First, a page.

Hyderabadi biryani is a meal Indians favor so much they’ll happily consume it for breakfast, lunch, or dinner! This revered dish is prepared “dum style,” which means marinated raw meat (usually beef, chicken, goat, or lamb) and partially cooked basmati rice are sealed in a handi (clay pot) and cooked over a slow fire. This process ensures moist and tender meat and flavorful rice. What makes Hyderabadi biryani so popular is its rich marinade of dahi (Indian yogurt), onions, cinnamon, cloves, cardamom, bay leaves, nutmeg, black cumin, lemon, and saffron. If you want to eat Hyderabadi biryani like a local, order it with red meat!
Originating from the banks of the Ganges River, jaljeera is a thirst-quenching beverage Indians consume to help combat the hot and dry climate of the region. When translated to English, “jal” means water and “jeera” means cumin. The translation is quite fitting as jaljeera is essentially water mixed with cumin, ginger, black pepper, mint, black salt, chili, hot pepper power, and fruit powder (usually mango). Indians traditionally pair a glass of jaljeera with an appetizer before a meal to wake up their taste buds or drink it between meals during the day.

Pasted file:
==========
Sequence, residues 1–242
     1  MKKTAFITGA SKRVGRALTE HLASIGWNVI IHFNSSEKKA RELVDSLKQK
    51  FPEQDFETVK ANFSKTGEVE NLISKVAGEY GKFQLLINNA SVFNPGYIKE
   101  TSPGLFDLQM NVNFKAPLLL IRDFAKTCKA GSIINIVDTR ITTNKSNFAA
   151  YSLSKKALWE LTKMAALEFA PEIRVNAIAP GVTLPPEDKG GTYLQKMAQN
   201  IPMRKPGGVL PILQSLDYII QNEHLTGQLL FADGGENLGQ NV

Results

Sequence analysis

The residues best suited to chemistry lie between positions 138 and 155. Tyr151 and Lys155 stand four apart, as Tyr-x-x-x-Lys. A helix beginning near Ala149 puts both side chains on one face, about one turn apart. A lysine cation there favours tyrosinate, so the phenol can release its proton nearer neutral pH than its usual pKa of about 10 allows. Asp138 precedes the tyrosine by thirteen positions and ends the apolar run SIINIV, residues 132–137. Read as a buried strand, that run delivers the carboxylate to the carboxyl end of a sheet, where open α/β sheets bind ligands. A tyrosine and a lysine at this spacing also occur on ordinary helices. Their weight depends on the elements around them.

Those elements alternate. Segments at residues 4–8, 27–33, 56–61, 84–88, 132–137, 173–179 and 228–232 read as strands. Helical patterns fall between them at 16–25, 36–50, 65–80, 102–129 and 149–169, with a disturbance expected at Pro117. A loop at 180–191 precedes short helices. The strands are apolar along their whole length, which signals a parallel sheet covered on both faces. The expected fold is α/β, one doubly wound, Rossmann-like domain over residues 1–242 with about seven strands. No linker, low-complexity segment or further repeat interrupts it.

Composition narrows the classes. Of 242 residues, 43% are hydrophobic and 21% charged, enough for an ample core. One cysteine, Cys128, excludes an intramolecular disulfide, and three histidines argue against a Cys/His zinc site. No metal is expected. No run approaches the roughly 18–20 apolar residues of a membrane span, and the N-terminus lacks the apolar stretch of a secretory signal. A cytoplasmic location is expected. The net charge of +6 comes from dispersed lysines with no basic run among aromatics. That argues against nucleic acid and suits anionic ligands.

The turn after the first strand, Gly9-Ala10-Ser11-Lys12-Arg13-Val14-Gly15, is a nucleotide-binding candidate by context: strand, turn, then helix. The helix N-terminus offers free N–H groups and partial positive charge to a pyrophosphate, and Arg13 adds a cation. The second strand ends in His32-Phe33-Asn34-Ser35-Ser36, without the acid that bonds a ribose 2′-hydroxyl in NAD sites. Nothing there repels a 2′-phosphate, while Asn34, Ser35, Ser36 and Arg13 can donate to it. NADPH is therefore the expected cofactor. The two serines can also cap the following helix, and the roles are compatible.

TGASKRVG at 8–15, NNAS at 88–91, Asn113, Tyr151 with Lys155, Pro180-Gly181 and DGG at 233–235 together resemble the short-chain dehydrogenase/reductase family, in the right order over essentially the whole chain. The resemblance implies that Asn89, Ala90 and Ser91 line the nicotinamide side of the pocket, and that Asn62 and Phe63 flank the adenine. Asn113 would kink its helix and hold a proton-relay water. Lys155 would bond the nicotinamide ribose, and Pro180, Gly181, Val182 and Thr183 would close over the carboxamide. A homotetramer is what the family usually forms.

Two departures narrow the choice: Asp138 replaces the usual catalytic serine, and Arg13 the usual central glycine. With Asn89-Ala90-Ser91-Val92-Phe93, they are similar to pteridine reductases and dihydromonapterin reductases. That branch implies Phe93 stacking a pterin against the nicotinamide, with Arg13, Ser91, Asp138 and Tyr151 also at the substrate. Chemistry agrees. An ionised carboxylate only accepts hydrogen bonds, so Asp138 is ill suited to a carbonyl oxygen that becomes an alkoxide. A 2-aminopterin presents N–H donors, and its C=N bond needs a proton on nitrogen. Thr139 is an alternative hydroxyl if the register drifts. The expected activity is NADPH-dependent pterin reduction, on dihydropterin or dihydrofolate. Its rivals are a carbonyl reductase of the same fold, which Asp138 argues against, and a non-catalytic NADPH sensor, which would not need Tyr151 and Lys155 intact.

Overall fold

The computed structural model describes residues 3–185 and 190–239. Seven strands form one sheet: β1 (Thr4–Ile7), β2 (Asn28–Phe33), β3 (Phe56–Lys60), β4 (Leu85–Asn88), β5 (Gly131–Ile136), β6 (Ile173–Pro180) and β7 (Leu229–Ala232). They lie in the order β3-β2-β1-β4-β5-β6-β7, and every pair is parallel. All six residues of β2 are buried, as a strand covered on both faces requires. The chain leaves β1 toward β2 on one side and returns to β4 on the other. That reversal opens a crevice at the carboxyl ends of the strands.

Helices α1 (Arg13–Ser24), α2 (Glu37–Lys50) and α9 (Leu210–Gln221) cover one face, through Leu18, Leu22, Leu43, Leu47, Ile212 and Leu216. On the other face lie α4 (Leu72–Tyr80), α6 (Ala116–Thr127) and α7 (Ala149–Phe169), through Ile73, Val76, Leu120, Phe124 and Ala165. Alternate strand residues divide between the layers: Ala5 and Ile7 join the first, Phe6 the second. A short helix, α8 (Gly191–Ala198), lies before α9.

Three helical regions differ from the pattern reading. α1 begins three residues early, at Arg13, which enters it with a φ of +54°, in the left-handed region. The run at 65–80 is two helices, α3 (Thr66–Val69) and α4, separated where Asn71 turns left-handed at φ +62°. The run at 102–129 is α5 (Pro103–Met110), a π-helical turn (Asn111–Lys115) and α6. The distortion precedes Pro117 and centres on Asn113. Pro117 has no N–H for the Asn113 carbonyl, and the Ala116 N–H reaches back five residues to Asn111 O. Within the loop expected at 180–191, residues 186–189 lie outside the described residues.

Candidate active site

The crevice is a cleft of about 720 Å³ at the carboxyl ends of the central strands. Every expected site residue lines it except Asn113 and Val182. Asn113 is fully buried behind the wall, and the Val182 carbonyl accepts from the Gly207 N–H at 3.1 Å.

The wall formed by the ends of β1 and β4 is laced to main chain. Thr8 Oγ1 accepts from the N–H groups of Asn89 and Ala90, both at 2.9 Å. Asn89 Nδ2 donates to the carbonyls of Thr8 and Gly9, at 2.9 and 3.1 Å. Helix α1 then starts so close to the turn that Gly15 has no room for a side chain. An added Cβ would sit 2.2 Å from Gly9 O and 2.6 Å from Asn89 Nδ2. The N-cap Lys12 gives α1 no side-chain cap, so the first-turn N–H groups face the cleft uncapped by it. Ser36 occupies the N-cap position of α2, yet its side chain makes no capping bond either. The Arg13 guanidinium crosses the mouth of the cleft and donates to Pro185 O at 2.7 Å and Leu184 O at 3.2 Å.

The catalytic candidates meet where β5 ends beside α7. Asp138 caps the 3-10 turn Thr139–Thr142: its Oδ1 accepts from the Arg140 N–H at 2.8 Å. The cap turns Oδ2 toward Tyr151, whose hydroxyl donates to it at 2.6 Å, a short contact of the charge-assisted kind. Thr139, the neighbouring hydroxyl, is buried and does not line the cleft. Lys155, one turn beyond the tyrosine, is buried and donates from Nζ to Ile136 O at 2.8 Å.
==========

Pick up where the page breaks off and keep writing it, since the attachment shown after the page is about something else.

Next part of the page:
Standing at the heart of Hyderabad’s main bazaar (Middle Eastern marketplace) you’ll find The Charminar – a monument dating back to 1591 that is globally recognized as the city’s principal landmark. The Charminar is a gargantuan 184-foot tall structure with four arches facing north, south, east, and west, adorned with minarets on top. The lower two floors are open to the public: the first offers a view of Hyderabad’s bustling streets below; the second is home to Hyderabad’s oldest mosque. Visit The Charminar to learn how Mohammed Quli Qutb Shah founded Hyderabad in the 16th century and commemorated the city by building this symbolic monument.